Detroit’s 2019 Sambo Awards: Is “Calling ‘em Out” the Right Approach?

Presented by the activist group ‘Call ‘em — Out!!!,’ the 15th Annual Sambo Awards dinner was held March 21, 2019, at the International Institute in Detroit’s Cultural Center. The master of ceremonies was Sam Riddle, host of Riddle at Random on 910AM (WFDF) and political director of the Michigan chapter of the National Action Network (NAN). The sold-out dinner was in roast fashion, and was hosted by its founder and president Agnes Hitchcock who is described on Kirsten Hitchcock’s Facebook page as “the Grape-throwing Detroit activist,” a nod to Agnes’ 2007 incident of throwing grapes at school board members during a meeting where a vote took place to close dozens of district schools.

This was not your customary black-tie affair. The evening’s host wore her signature black ‘Call ‘em — Out!!!’ hoodie with their mantra emblazoned on the back: “Those elected in our city must serve in the interests of the people in the city. When they don’t…Call ‘em — Out!!!” The look was complete with black leather lace-up sneakers with “Call ‘em Out” elegantly painted on them. Sambo [typically preceded by ‘Little Black’] is deemed a derogatory term for an African American who is considered weak. It is synonymous with the phrase “Uncle Tom,” which describes a Black person who has “sold out” their race. The racial term “Sambo” became prominent in American culture in Harriet Beecher Stowe’s 1852 anti-slavery book, Uncle Tom’s Cabin. The Sambo character was a slave overseer who had tormented and beaten to death a God-fearing slave named Uncle Tom, hence the title of the Detroit Sambo Awards. Hitchcock says, “We can’t be polite, we have to call it as we see it. See what Sambo did to Uncle Tom?!”

On Riddle’s talk show, he stated, “Detroit has been rendered a plantation lorded over by Mike [Duggan] of Livonia,” and stated during the Sambo event, “I unapologetically stand with ‘Call ‘em Out’ on the racial disparities and issues of poverty, piss poor schools, water shutoffs, and wealth inequality, which motivated me to emcee this event. And further, the Handkerchief Head Negro enablers who support the racist agenda that doesn’t benefit the black community are among the nominees that need a spotlight on them as well.” The awardees this year were police chief James Craig, The Black Slate and director of Detroit Water and Sewage Department Gary Brown. Ms. Hitchcock explained that there were more than 150 nominees submitted by local Detroiters, but these three received the most votes.

She noted that Gary Brown is a “repeat winner because no one has topped the violent 44,000 customer water shutoffs we have seen under his tenure.” Hitchcock went on to say, “Not even under Mayor Dennis Archer did we see this many shutoffs.” Of Archer, she said he is a “Sambo Lifetime Achievement Honoree because Archer got nominated often, even after he was out of office, for the damage he did; I got tired of putting him on the nomination and honoree list.” Riddle chimed in saying, “We should not forget that water is a human right.” Riddle went on to repeat several times, “Is it any wonder Hepatitis A is on the rise and widespread in southeast Michigan where water shutoffs are rampant? Poor people who have had their water shut off are not washing their hands wasting their store-bought water. Black people in Detroit and Flint are being treated inhumanely around this water issue.” Chief Craig, was insulted by the award and held a press conference in which he said, “being a Sambo Awardee is certainly not a flattering comment.”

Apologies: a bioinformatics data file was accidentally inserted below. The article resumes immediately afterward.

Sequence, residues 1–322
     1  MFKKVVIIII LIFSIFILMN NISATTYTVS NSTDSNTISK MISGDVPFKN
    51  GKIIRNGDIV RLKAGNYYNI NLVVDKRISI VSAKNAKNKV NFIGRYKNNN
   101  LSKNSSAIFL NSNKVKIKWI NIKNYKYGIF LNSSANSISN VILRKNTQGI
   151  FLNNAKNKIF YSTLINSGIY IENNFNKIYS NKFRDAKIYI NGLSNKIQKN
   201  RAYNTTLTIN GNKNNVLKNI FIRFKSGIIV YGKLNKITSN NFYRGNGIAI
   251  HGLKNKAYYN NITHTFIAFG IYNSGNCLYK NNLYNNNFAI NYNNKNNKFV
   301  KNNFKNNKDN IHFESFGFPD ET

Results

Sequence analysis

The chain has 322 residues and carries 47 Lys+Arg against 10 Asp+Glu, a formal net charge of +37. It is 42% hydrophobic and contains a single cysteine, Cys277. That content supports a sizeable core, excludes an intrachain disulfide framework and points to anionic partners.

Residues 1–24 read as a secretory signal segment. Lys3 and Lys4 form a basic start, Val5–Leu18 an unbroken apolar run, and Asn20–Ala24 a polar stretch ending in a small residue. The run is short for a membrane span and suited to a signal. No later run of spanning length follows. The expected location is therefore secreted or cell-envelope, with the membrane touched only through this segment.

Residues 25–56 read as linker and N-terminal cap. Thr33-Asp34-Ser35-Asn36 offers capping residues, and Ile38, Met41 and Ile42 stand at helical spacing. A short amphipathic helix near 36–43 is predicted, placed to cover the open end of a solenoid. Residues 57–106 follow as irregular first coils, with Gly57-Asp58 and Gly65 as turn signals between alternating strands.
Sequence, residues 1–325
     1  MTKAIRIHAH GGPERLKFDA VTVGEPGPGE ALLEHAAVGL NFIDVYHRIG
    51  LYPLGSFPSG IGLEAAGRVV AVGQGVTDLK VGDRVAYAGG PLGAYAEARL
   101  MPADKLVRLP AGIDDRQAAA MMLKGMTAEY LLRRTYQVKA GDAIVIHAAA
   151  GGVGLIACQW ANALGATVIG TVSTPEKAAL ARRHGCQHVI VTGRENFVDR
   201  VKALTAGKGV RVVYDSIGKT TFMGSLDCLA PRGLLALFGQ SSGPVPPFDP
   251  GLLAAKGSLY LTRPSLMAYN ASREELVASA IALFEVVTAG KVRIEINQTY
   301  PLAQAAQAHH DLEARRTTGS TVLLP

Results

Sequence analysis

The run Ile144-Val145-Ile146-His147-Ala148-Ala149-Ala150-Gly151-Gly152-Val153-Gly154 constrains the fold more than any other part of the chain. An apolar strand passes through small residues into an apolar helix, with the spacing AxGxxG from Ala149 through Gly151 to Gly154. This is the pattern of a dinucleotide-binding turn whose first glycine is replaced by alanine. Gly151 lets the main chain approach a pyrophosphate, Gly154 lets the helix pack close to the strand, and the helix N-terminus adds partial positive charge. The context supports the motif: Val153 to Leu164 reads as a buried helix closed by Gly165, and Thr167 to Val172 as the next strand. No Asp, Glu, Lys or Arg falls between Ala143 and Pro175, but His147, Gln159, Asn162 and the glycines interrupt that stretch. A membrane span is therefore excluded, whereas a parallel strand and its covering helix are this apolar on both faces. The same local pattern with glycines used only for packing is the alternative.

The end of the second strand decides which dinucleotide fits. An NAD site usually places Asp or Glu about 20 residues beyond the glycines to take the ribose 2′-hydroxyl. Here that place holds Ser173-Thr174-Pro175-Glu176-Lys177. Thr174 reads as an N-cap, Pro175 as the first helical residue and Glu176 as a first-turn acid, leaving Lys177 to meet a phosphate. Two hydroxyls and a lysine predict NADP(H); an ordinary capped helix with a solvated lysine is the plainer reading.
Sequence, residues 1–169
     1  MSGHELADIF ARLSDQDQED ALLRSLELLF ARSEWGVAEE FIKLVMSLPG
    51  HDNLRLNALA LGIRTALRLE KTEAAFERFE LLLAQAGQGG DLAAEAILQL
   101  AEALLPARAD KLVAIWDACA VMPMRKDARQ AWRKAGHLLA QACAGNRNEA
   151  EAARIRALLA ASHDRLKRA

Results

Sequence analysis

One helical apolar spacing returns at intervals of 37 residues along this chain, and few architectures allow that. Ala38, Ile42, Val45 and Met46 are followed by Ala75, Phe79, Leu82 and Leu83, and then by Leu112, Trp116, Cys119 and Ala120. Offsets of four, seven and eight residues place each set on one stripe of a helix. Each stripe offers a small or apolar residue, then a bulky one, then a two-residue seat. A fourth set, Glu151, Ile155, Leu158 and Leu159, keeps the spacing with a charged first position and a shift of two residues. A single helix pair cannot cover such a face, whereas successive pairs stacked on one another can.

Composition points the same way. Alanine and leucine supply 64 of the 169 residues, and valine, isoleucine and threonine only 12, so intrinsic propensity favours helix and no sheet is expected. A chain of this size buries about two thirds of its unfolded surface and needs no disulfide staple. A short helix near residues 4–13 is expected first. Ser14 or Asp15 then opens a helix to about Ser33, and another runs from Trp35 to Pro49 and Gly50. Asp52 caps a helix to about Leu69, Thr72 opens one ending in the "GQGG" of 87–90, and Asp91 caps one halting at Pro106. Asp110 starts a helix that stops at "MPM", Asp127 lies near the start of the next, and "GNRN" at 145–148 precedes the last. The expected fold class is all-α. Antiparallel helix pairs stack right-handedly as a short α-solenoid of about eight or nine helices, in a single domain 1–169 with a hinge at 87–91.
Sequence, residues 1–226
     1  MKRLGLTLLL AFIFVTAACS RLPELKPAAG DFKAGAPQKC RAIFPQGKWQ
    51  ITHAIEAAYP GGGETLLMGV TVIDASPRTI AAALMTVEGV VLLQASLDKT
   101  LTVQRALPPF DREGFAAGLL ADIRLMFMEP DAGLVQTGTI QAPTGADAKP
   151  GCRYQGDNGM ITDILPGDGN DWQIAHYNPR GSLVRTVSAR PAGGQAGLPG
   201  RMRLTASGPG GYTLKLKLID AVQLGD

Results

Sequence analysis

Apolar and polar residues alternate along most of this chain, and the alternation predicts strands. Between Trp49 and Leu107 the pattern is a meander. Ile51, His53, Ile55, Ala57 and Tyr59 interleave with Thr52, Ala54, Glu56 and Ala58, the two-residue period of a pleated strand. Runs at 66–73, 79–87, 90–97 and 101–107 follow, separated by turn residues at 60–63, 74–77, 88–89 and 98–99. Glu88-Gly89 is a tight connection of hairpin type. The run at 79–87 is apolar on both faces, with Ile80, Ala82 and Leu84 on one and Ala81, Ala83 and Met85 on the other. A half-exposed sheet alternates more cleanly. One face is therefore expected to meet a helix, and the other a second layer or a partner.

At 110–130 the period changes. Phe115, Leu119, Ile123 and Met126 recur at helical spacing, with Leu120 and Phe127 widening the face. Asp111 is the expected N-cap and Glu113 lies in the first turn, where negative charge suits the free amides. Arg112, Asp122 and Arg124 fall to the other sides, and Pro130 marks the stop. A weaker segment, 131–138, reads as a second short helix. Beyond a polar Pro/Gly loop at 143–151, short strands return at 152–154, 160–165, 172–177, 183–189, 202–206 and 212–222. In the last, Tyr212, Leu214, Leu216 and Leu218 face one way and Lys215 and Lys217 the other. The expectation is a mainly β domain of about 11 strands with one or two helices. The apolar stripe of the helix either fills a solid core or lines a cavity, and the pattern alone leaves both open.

Hitchcock gave Craig top honors due to the belief that the police chief can and should increase Black recruits within the police department to better reflect the demographics of the city. ‘Call ‘em – Out!!!’ supporters also believe the chief is “going soft” in regards to holding racist actions by white officers accountable. These actions are on the rise citing the 6th Precinct incident involving former officers Gary Steele and Michael Garrison who were eventually fired for an insensitive racist Snapchat video post involving a black female resident who had her car impounded for expired vehicle registration. The emcee of the event, Riddle, candidly stated, “the Sambo Awards is nothing compared to what is simmering in Detroit.” Is Calling ‘em Out the Right Approach? Agnes makes clear that the mission is focused on highlighting policies that hurt the black community.  She wants all to know that “people have a right to expect aggressive action by the city’s officers in seeking to advance, conserve, maintain and protect the integrity of the human, physical and natural resources of this city by encroachment and/or dismantlement.”

A former City of Detroit employee said he thinks the shamming approach is necessary “because reasonable methods get swept under the rug.” He reflected on being in his sixth decade and said, “I’ve seen a lot, and the City of Detroit is steeped in racism and cronyism.” Theo Broughton, WHPR TV 33 talk show host, attended this year’s Sambo Awards dinner and wants us to remember the original purpose of the Sambo Awards, which she said “was and remains to hold black officials accountable.”

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